Performance Tested - 2016 Nissan Titan XD

2016 Nissan Titan XD Long-Term Road Test

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2016 Nissan Titan: Performance Tested

by Michael Massey, Vehicle Testing Assistant on September 14, 2016

2016 Nissan Titan

Our 2016 Nissan Titan XD has a Cummins diesel 5.0-liter V8 engine, carries up to one ton of payload and has a 12,000-pound towing capacity. A beast like this is naturally out of its element at our test track, but it can still be useful to compare performance numbers between similar trucks.

Let's see how the Titan XD measures up.

2016 Nissan Titan

Vehicle: 2016

Odometer: 2,927

Date: 8/9/2016

Driver: Jonathan Elfalan

Price: $58,480

Specifications:
Drive Type: Four-Wheel Drive (low range)
Transmission Type: Six-speed automatic 
Engine Type: Turbocharged V8 Diesel
Displacement (cc/cu-in): 5,000/305
Redline (rpm): 4,000 indicated/4,250 actual
Horsepower (hp @ rpm): 310 @ 3,200
Torque (lb-ft @ rpm): 555 @ 1,600
Brake Type (front): One-piece ventilated discs with two-piston sliding calipers
Brake Type (rear): One-piece ventilated discs with two-piston sliding calipers
Suspension Type (front): Double-wishbone with 36 mm stabilizer bar
Suspension Type (rear): Multi-leaf with solid axle, 18 mm stabilizer bar

Tire Size (front): LT275/65R18 123/120R
Tire Size (rear): LT275/65R18 123/120R
Tire Brand: General
Tire Model: Grabber APT
Tire Type: Standard regular all-season
 
Test Results:

Acceleration:
0-30 (sec): 3.4 (w/TC on: 4.5)
0-45 (sec): 6.1 (w/TC on: 7.0)
0-60 (sec): 9.6 (w/TC on: 10.6)
0-60 with 1-ft Rollout (sec): 9.3 (w/TC on: 10.1) 
0-75 (sec): 14.8 (w/TC on: 15.8) 
1/4-Mile (sec @ mph): 17.1 @ 80.9 (w/TC on: 17.8 @ 80.8)
 
Braking: 
30-0 mph (ft): 34.6
60-0 mph (ft): 133.7
 
Handling:
Skidpad Lateral Acceleration (g): 0.69 (0.60 w/ESC on)
RPM @ 70 mph: 1,900

Comments:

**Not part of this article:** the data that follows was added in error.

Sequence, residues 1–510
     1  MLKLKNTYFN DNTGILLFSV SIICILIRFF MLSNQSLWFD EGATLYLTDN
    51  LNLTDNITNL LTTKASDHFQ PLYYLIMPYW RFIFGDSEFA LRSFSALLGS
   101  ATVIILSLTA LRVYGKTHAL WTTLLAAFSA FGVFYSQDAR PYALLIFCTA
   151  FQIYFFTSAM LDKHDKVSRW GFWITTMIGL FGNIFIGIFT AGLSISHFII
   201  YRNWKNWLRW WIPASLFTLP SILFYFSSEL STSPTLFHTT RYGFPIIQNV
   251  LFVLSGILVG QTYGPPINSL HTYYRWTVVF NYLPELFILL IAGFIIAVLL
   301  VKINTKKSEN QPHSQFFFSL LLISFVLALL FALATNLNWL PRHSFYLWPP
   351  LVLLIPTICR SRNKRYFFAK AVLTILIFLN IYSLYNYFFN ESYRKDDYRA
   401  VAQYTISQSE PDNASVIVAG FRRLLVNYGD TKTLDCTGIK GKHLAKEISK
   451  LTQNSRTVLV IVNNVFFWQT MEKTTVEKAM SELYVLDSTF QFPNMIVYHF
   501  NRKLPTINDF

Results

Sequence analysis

Acceleration comments: 
On the key-up run, the Titan takes a second or two to get going as the turbos spool up and start to motivate this 7000+ pound truck down the runway. Power braking to 1750 RPM with traction control off on the second run yields no wheelspin. And with a little less power braking, or lingering at 1750 rpm, we saw our quickest run, which was still quite a bit slower than other heavy duty trucks. Typical diesel truck engine, lots of good low torque, but slow to rev, and it needs to shift twice before 60 mph. The manual shift mode operated as expected, and is more appropriate for use on grades than trying to extract the quickest accel times. The shifts don't happen immediately when you initiate them. And because we aren't getting any wheelspin running in rear drive, we suspected four-wheel drive would only slow the truck down due to the increased mechanical friction in the drivetrain. And it did.

Braking comments:
The long, soft brake pedal travels all the way down to the floor, which was unexpected on the very first run. The ABS pulses are relatively slow-paced and mild, mimicking how everything else about this truck moves. The sound is also pretty muffled and undramatic. The Titan feels pretty stable under full braking, but we feel that's a factor of its mass. It's akin to slowing down a cruise ship as you pull into the harbor. Nosedive is pretty mild for a truck this big and there is very little pedal fade and surprisingly no brake odor even after five runs. Now that's pretty amazing. For as heavy as this truck is, 134 ft is a little better than competitors and braking consistency is pretty decent.

Handling comments:
The Titan handles as big as it looks. There's immense understeer going around the skid pad which transitions to oversteer if you have traction control off. The amount of torque that the diesel engine generates is incredible which accounts for the oversteer. With traction control on you can just floor the throttle and the system will limit the amount of engine torque that's produced so you never encounter much under- or oversteer. But this is also the slow way around, because it's overly conservative. In transitional turns the Titan is very slow to shift its weight, and that's expected. There's very little steering feel, if any at all, so you don't really feel when the front tires are scrubbing, but you'll definitely hear them. If you're aggressive with the throttle, it's easy for the rear end to step out, though the computer will shut down a slide after a second or two, because ESC is never fully off. Surprisingly there's no unpleasant chassis flex and oscillation like some other trucks driving around in circles. The chassis feels pretty stiff and rigid. Obviously the tires are not made for cornering and looked pretty worn after a few rounds around the skid pad.

Michael Massey, Vehicle Testing Assistant @ 2,927 miles

  • Full Review
  • Pricing & Specs
  • Road Tests (1)
  • Comparison
  • Long-Term

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